All statistics were calculated using SPSS (IBM SPSS Statistics for Windows, V.22.0. Armonk, New York: IBM Corp.). Knee and hip flexion angles were reported as positive numbers, ankle flexion angles were reported as negative numbers for plantar flexion and positive for dorsiflexion. Normality of data was assessed using the Shapiro-Wilk test and results for not normally distributed data were reported as median and IQR. The Mann-Whitney U test was performed on the hip, knee and ankle angles of the non-contact side-stepping injury cases compared with the control cases. Statistical significance was set at the 0.05 level. Fisher's exact test was used to assess the association between heel strike or non-heel strike during side-stepping injury versus non-injury outcome. Statistical significance was set at the 0.05 level and the effect size was measured using Phi and Cramer's V with a score of >0.5 regarded as a large effect size.21 Inter-rater reliability for joint flexion angle estimations was assessed using the intraclass correlation coefficient (ICC). An ICC of >0.75 was regarded as excellent.22


The injury rate was 0.43 ACL injuries per 1000 player hours under match conditions. Of the 36 cases for which analysis was possible, 35 could be categorised into contact and non-contact cases: 15 (43%) were non-contact and 20 (57%) were contact cases. Contact cases were further subdivided into 8 (23%) indirect contact and 10 (29%) direct contact cases; 2 cases were contact injuries but could not be subdivided into direct/indirect contact. The majority of ACL injuries occurred in an offensive playing situation (63%, n=22). Injuries were spread evenly over the pitch locations, with 13 occurring in the offensive third, 11 in the defensive third and 12 in the middle third. Three matches (8%) had precipitation at the time of injury occurrence. There were 21 right knee injuries and 15 left knee injuries. Centres and hookers sustained the highest number of ACL injuries (figure 3).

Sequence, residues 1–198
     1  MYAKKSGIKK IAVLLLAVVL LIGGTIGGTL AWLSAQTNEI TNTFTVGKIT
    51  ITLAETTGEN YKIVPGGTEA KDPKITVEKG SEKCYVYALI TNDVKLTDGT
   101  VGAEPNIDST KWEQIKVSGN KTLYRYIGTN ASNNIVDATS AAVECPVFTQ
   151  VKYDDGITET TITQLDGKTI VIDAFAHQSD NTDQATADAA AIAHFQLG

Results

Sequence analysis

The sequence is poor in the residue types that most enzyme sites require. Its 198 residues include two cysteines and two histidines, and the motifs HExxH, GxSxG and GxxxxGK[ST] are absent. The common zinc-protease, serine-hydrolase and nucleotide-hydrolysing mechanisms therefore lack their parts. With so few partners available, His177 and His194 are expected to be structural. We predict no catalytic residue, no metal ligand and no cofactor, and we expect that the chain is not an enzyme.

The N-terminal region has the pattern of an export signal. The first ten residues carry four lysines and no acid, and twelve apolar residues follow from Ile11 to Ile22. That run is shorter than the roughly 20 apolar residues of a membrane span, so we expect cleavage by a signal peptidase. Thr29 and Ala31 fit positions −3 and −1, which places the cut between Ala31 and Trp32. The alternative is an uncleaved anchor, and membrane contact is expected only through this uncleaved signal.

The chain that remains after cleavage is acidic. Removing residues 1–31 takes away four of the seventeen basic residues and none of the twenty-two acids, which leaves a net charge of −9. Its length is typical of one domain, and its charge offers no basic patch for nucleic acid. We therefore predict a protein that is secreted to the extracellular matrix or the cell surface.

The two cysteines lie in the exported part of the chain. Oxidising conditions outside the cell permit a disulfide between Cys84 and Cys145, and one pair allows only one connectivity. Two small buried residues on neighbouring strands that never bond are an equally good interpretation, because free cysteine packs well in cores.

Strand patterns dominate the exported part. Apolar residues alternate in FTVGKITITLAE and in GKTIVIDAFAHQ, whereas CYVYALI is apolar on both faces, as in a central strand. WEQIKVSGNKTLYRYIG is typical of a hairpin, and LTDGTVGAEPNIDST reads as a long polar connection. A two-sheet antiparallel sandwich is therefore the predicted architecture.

Figure 3

Break down of ACL injury by position (all positions of multiple players were calculated as a ratio of one player per position for comparative purposes). ‡denotes forwards, *back 3 includes: full back and 2 wings, λback row includes: number 8 and 2 flankers.

Playing situations for non-contact and contact injury cases

The contact injuries occurred during: rucking (n=4), tackling (n=5), being tackled (n=9), set play (n=1) and kicking (n=1). The non-contact injuries occurred during: offensive running (n=11), defensive running (n=3) and set play (n=1) (tables 1 3).

Table 1

Rugby-specific variables recorded for 36 ACL injury cases analysed using systematic video analysis

Table 2

Biomechanical variables recorded for 15 non-contact ACL injury cases analysed using systematic video analysis

Table 3

Biomechanical variables recorded for 20 contact ACL injury cases analysed using systematic video analysis

Contact injury mechanisms

The most common mechanism of contact ACL injury was being tackled (scenario A; see online supplementary video 1). The injured player was always in possession of the ball. A combination of both high (n=6) and low (n=3) speeds were observed. In six cases the player was moving forwards or in a combination of forward and sideways at the time of contact. Contact was evenly distributed between direct (n=5) and indirect contact (n=4) (n=1 unsure). Rucking cases occurred predominantly to defensive players who were either stationary or moving at low speed (n=3). Tackling contact injuries occurred at both high (n=2) and low (n=3) speeds.